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The Dismemberment Plan's Top Five Riotous Moments + Playlist

on August 22, 2013, 12:00am

dismembermentplan heatherkaplan The Dismemberment Plan's Top Five Riotous Moments + Playlist

This year, Consequence of Sound partnered up with our friends at Riot Fest to highlight their three exceptional lineups set to take place in Toronto, ON (Aug. 24-25th), Chicago, IL (Sept. 13-15), and Denver, CO (Sept. 20-22). We’ve decided to offer a twist on our latest feature, the Top Five. Normally, we’d ask our favorite artists to create a list of five things revolving around anything that comes to their mind, but in light of the festival we asked for their Top Five Riotous Moments. Get it? Do you get it?

This week’s Top Five turns the keyboard over to D.C.’s own The Dismemberment Plan, who will appear at Riot Fest Chicago and Denver. These two dates kick off their fall tour in support of their first new album in 12 years, Uncanney Valley, due October 15th via Partisan Records.

Frontman Travis Morrison took the lead for the band, even including a special ’80s playlist he’s dubbed, “What Robocop Had on His Walkman Playlist”. It’s pretty great.

Still need tickets for Riot Fest? Stay tuned for more of our giveaways or grab tickets here.

Top 5 Most Riotous Moments:

death dismemberment ban The Dismemberment Plan's Top Five Riotous Moments + Playlist

01. Toronto, on the Death & Dismemberment Tour, our friend Cex sneaks on stage during our show closer “OK, Jokes Over” and hands Travis 1) a four-foot stuffed iguana and 2) a razor blade. After said iguana gets ridden around the stage while Travis sings “Back That Ass Up”, he (the iguana) gets slowly gutted, with a blizzard of white foam stuffing flying out into the audience. The night ends with Travis wearing the hollowed out iguana like a hat, us paying the club owner an undisclosed amount of money for cleaning, and everyone in the band found bits of foam in their cases for the next two weeks.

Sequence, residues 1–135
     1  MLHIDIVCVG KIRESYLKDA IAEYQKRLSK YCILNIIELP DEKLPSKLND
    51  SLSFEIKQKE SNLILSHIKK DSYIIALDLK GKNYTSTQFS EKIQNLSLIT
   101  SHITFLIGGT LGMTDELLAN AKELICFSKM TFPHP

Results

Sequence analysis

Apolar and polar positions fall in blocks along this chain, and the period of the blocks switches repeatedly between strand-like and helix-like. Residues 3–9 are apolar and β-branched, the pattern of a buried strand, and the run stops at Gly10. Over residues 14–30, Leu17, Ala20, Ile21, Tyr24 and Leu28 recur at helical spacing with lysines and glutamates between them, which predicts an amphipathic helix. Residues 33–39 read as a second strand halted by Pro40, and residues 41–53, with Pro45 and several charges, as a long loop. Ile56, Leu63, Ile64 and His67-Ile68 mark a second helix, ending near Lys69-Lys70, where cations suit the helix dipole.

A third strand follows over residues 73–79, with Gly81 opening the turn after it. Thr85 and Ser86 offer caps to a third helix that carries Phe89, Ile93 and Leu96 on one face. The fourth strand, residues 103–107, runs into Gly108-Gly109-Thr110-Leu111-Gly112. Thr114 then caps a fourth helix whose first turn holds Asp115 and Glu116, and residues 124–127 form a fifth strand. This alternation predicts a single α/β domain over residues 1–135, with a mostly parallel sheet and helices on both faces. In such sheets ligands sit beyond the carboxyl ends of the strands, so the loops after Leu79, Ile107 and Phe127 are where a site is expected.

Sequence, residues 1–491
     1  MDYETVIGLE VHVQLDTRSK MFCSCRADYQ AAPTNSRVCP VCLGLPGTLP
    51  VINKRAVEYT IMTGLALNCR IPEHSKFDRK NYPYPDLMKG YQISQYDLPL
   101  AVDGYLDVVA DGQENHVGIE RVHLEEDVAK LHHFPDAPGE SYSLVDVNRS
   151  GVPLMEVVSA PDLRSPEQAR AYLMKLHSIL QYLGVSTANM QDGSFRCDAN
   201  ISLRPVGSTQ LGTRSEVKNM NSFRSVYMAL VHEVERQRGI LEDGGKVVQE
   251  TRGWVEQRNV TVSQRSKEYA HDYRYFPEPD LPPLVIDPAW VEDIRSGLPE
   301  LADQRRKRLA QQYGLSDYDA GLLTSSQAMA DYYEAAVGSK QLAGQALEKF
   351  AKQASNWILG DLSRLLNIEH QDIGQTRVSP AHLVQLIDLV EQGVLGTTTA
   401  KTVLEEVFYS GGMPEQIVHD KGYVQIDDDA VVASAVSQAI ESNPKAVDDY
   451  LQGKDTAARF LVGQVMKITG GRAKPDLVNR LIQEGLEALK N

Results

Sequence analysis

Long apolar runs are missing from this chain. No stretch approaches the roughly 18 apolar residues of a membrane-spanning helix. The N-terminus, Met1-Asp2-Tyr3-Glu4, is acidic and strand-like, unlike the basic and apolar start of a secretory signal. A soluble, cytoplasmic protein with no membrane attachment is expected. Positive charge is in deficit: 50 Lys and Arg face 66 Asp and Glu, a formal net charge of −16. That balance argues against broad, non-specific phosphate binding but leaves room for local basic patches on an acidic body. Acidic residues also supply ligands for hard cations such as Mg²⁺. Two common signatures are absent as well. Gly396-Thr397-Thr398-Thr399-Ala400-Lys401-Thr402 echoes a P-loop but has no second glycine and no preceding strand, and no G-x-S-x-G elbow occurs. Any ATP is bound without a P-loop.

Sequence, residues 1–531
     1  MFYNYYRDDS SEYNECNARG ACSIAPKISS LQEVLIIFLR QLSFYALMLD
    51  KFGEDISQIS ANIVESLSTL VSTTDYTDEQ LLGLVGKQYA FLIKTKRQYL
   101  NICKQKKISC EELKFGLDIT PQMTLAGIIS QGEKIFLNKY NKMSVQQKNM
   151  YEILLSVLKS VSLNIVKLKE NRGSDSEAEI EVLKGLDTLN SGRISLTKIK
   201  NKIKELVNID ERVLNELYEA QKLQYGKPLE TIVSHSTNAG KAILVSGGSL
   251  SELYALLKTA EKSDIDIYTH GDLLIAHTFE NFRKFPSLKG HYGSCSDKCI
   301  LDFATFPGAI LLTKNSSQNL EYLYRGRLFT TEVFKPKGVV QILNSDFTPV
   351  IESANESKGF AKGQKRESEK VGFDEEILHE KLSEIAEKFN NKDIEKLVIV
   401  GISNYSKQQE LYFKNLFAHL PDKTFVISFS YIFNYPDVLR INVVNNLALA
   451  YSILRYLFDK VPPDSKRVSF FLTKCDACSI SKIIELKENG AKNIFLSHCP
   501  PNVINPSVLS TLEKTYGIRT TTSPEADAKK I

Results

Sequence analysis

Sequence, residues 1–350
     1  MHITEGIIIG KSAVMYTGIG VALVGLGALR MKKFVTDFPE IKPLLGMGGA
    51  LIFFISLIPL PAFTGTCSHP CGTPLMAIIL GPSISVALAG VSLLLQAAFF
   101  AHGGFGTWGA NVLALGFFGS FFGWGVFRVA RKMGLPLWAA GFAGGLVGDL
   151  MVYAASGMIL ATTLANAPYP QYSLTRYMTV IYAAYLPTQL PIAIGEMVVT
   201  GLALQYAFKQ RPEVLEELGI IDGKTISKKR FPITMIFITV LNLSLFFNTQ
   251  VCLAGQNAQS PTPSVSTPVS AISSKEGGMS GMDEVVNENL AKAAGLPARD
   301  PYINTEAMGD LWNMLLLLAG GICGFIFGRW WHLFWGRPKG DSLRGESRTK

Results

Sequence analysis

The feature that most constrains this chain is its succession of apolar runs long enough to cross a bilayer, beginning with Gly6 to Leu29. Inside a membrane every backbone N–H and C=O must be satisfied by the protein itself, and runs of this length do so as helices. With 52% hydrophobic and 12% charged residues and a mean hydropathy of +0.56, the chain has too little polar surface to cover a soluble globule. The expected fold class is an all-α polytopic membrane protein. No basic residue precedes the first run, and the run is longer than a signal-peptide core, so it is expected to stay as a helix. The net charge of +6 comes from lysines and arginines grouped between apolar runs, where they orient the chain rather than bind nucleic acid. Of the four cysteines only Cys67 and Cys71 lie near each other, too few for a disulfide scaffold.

PJ VERONA 03

02. Opening for Pearl Jam in a 2000-year-old amphitheater in Verona, IT as the sun was setting.

footage The Dismemberment Plan's Top Five Riotous Moments + Playlist

03. Last night of tour with Ted Leo + The Pharmacists, Ted and his band storm the stage during our encore, wrapping up Travis, Eric, and Jason with toilet paper and duct tape, with Travis singing the rest of the song with the mic in a sling taped under his head, while Ted plays a guitar solo into a mini-amp duct-taped to his forehead.

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04. We and the Alkaline Trio played at a movie theater in New Orleans for a post-midnight show, followed by an odd visit to a goth bondage bar (is that redundant?), followed by a 6 a.m. 7-Eleven run for wine coolers, followed by greeting the suburban neighbors on their way to work while sitting in a hot tub.

05. The “Ice of Boston” on any given night.

What Robocop Had on His Walkman Playlist

01. ABC – “The Look Of Love”

The first ABC LP, The Lexicon Of Love, is a classic. Martin Fry was a remarkable singer and songwriter, dishy and catty, but in the end just trying to have a good time. Lines like “She’s a vegetarian/ except when it comes to sex” can go either way, and in his hands it always went the right way.

02. Soft Cell – “Tainted Love”

The greatest cover in the history of rock and roll? Probably.

03. Scritti Politti – “Perfect Way”

Scritti Politti is a bizarre band. They started as the house band of an anarcho-politico-punk collective in England. They ended up semi-retired, 50-something bedroom indie popsters, putting out a record once a decade. In the middle they were white boy R&B stars. That was what they were best at. I told you they were bizarre.